In the candlelight of Furth's clinic, Bill lay on his stomach on a mattress on the floor, his arms outstretched. He was in a great deal of pain and had difficulty moving from that position, but he managed a smile when I came in to hold his hand. I lay next to him that night, with Furth resting on an adjacent mattress. It was a sleepless night: on the other side of the wall lay a trapped dog that howled whenever tremors moved the rocks around it. Furth said it had been slowly starving to death for four days. The clinic had just finished the last of its clean water.
The next morning, I helped Furth make her rounds of the refugee camp, and we rushed Bill by van to the airport. We faced resistance from the Marines who were guarding the entrance. Attempting to make order from chaos, they were understandably wary of admitting a nonresponsive Haitian, even when he was carried by three passport-holding Americans. Finally, a lieutenant named Brandon, disciplined but sympathetic, heard my plea: "It's a matter of honor," I said. "This man saved my life, and I need to help him." ABC News anchor Dan Harris, a mutual friend of Bill's and mine, backed up my story, and Brandon waved us through. French medics gave Bill a morphine drip, and we loaded him, along with a 19-year-old American who survived the quake, onto our waiting charter.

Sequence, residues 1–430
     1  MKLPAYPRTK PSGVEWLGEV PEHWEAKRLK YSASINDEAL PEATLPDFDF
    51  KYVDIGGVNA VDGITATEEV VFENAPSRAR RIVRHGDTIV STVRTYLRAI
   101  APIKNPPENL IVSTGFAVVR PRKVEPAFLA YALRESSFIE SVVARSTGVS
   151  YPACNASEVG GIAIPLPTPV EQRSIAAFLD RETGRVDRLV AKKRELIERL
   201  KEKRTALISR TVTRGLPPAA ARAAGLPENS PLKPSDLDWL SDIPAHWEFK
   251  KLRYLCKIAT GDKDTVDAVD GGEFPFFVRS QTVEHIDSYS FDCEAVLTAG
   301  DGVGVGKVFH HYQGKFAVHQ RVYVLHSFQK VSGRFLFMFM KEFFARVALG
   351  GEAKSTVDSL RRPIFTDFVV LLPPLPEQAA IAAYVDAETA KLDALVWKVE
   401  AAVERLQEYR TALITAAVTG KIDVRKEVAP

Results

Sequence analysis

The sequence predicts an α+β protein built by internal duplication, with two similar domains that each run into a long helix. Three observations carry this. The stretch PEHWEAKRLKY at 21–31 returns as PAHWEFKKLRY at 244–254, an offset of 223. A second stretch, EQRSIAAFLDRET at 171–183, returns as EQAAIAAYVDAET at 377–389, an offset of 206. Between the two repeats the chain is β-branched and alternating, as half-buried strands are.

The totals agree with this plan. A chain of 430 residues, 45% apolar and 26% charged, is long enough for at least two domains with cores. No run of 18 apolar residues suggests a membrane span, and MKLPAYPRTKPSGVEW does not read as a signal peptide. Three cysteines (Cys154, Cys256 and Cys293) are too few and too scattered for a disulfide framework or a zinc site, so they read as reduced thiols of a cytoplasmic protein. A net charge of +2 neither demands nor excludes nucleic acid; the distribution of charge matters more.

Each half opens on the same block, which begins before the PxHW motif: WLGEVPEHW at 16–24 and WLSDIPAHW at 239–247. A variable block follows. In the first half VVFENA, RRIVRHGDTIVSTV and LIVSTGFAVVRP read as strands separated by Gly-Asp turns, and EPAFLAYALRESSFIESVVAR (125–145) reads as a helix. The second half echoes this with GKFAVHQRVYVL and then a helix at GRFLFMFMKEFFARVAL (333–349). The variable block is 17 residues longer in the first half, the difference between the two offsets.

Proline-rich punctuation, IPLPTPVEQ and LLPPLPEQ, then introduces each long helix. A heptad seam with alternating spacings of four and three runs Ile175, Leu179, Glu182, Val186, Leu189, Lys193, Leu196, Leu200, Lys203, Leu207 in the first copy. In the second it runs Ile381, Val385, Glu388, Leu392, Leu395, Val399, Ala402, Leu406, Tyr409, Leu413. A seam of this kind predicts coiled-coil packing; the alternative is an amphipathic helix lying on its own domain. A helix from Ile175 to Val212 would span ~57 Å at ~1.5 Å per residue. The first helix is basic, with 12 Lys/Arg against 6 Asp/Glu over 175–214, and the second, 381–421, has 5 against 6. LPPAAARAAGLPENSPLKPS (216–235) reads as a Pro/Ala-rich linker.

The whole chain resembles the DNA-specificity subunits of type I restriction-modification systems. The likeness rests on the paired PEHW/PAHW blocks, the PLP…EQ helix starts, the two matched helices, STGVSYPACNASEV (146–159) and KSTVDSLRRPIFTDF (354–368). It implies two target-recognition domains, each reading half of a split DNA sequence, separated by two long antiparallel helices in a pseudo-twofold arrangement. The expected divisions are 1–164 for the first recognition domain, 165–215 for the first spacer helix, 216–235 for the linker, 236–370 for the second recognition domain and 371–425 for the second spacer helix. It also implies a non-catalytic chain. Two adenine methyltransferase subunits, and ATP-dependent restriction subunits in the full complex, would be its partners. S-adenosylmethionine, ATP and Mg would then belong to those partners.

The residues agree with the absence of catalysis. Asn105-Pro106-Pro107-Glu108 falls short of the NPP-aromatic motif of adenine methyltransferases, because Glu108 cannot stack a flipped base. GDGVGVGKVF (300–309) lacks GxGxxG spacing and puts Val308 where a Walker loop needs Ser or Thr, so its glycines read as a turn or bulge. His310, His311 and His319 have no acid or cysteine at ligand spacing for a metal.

Why did Bill deserve a special mission? Not just because he saved my life. Helping people is what Bill Nathan does. Orphaned at age 7, Bill was taken in as a slave by his neighbors, who forced him to do domestic work and beat him mercilessly when he did not perform to standard. According to UNICEF studies, child slaves number as many as 300,000 in Haiti; some desperate parents yield their own children to fraudulent recruiters, a phenomenon that becomes more pronounced after natural disasters. After three years of bondage, Bill was rescued by an American nun who had known Bill's mother. She brought him to Maison St. Joseph, where he thrived and soon was managing the recovery of hundreds of other boys. "God kept me alive for a reason," he told me in a fleeting moment of lucidity. "I will keep doing the work that I'm doing." There is a theory of massive-disaster triage that the first people who should receive treatment are doctors with non-life-threatening injuries. Although Bill is not a doctor, he has a demonstrated ability to improve the lives of hundreds, and to resurrect his community and country. Saving Bill means saving more lives.